Date Published: July 6, 2015
Publisher: Public Library of Science
Author(s): Stacey A. Fedewa, Stéphane Cullati, Christine Bouchardy, Ida Welle, Claudine Burton-Jeangros, Orly Manor, Delphine S. Courvoisier, Idris Guessous, Keping Xie.
Despite universal health care coverage, disparities in colorectal cancer (CRC) screening by income in Switzerland have been reported. However, it is not known if these disparities have changed over time. This study examines the association between socioeconomic position and CRC screening in Switzerland between 2007 and 2012.
Data from the 2007 (n = 5,946) and 2012 (n = 7,224) population-based Swiss Health Interview Survey data (SHIS) were used to evaluate the association between monthly household income, education, and employment with CRC screening, defined as endoscopy in the past 10 years or fecal occult blood test (FOBT) in the past 2 years. Multivariable Poisson regression was used to estimate prevalence ratios (PR) and 95% Confidence Intervals (CI) adjusting for demographics, health status, and health utilization.
CRC screening increased from 18.9% in 2007 to 22.2% in 2012 (padjusted: = 0.036). During the corresponding time period, endoscopy increased (8.2% vs. 15.0%, padjusted:<0.001) and FOBT decreased (13.0% vs. 9.8%, padjusted:0.002). CRC screening prevalence was greater in the highest income (>$6,000) vs. lowest income (≤$2,000) group in 2007 (24.5% vs. 10.5%, PR:1.37, 95%CI: 0.96-1.96) and in 2012 (28.6% vs. 16.0%, PR:1.45, 95%CI: 1.09-1.92); this disparity did not significantly change over time.
While CRC screening prevalence in Switzerland increased from 2007 to 2012, CRC screening coverage remains low and disparities in CRC screening by income persisted over time. These findings highlight the need for increased access to CRC screening as well as enhanced awareness of the benefits of CRC screening in the Swiss population, particularly among low-income residents.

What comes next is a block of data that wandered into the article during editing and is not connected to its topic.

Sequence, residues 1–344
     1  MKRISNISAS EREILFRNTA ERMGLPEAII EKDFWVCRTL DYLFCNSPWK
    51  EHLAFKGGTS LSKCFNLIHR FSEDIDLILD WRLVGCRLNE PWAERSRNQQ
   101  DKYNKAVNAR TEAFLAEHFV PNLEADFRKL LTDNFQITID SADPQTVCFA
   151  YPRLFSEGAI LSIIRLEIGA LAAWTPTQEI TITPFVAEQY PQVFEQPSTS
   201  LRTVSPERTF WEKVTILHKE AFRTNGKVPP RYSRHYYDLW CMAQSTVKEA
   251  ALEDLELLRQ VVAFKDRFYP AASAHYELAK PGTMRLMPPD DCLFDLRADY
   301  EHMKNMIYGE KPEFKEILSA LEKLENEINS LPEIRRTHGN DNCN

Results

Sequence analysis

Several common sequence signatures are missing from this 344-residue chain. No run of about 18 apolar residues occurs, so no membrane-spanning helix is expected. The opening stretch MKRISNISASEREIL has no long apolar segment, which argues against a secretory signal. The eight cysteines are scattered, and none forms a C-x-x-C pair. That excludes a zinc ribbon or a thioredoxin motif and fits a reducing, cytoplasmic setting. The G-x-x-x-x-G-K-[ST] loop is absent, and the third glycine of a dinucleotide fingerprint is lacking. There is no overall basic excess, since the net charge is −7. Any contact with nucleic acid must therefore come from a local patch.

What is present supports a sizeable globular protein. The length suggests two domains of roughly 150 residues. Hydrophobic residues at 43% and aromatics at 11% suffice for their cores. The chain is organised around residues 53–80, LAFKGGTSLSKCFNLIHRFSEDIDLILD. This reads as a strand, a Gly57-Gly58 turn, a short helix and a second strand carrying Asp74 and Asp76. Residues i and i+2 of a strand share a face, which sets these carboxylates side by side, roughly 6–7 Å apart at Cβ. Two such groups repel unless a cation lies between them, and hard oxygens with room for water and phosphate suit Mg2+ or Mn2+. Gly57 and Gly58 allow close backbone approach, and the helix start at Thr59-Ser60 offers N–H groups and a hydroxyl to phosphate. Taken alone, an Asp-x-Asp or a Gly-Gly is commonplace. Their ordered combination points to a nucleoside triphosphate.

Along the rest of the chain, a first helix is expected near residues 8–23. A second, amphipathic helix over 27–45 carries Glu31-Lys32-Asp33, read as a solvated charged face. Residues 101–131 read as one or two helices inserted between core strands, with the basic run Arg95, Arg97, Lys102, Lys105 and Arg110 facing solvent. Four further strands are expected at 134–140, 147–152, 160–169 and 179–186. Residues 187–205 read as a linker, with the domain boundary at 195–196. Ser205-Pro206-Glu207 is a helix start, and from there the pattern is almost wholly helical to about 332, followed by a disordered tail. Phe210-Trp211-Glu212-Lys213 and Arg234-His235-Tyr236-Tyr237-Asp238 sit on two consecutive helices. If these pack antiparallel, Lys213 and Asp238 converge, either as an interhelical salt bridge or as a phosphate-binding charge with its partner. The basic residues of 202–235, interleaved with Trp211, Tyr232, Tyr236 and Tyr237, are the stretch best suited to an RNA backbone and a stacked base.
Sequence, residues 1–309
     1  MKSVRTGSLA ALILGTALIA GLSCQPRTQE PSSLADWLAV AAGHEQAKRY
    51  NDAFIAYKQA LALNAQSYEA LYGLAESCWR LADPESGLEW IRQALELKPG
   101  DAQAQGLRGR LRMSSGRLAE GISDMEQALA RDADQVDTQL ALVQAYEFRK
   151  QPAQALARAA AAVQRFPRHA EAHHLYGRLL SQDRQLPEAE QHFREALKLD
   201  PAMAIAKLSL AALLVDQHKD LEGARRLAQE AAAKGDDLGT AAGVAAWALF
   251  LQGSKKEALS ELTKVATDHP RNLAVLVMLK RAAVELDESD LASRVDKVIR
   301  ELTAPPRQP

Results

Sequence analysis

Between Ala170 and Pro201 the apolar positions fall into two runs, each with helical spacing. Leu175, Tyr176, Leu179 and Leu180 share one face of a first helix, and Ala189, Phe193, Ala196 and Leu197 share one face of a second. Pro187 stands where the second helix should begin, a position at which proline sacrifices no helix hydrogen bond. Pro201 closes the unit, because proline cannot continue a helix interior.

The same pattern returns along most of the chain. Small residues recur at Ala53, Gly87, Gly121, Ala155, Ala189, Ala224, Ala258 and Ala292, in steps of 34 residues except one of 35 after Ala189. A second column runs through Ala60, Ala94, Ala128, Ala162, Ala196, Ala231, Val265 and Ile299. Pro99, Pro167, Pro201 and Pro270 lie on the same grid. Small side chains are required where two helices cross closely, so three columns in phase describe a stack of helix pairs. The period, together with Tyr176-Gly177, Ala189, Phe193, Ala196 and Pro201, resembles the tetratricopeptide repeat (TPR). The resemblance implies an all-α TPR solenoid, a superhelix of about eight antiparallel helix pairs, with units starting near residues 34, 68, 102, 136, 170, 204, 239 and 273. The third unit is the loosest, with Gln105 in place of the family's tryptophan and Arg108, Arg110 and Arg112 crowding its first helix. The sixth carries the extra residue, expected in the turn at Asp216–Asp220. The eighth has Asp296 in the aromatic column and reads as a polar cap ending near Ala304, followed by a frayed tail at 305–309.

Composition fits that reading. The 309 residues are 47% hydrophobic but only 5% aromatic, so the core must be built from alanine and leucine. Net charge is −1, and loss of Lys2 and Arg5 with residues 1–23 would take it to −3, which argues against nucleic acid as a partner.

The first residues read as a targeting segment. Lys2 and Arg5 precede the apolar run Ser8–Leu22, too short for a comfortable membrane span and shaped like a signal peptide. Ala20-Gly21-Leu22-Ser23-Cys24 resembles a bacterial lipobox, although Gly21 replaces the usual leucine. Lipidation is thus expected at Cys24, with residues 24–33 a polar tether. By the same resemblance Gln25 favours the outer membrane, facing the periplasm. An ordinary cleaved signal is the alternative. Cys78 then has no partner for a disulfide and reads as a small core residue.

In 2012, 1,361,000 people were diagnosed with colorectal cancer (CRC) and 694,000 people died from CRC worldwide.  The majority of CRCs are diagnosed in developed countries. For example, world-age-standardized CRC incidence in New Zealand, Australia, Canada, United States and Western Europe, including Switzerland, exceeds 25 cases per 100,000 people.  In order to reduce CRC incidence and mortality, fecal occult blood testing (FOBT) annually, sigmoidoscopy every 5 years with hemoccult periodically or colonoscopy every 10 years are recommended for average-risk adults between 50–75 years by European Panel  and the US Preventive Services Task Force.  There is no national organized CRC screening program in Switzerland and CRC screening among Swiss residents is low. According to the 2007 Swiss Health Interview Survey (SHIS), only 13% of adults ≥ 50 years had a hemoccult test or endoscopy in the past 5 years for screening reason.  In addition to suboptimal CRC screening utilization in Switzerland, social inequalities have been noted where adults highest income bracket were 70% more likely to receive a screening endoscopy. However, temporal patterns of CRC screening patterns by socioeconomic status have not been investigated, which is of interest given a recent Swiss study reporting growing disparities in healthcare renunciation between 2007 and 2010  and projected increases in CRC incidence. The last population based SHIS in 2012 provides an opportunity to examine temporal patterns of CRC screening by socioeconomic status, measured by household income, education, and employment status. This study examines the association between socioeconomic position and CRC screening prevalence as well as potential changes of social disparities between 2007 and 2012 in the SHIS.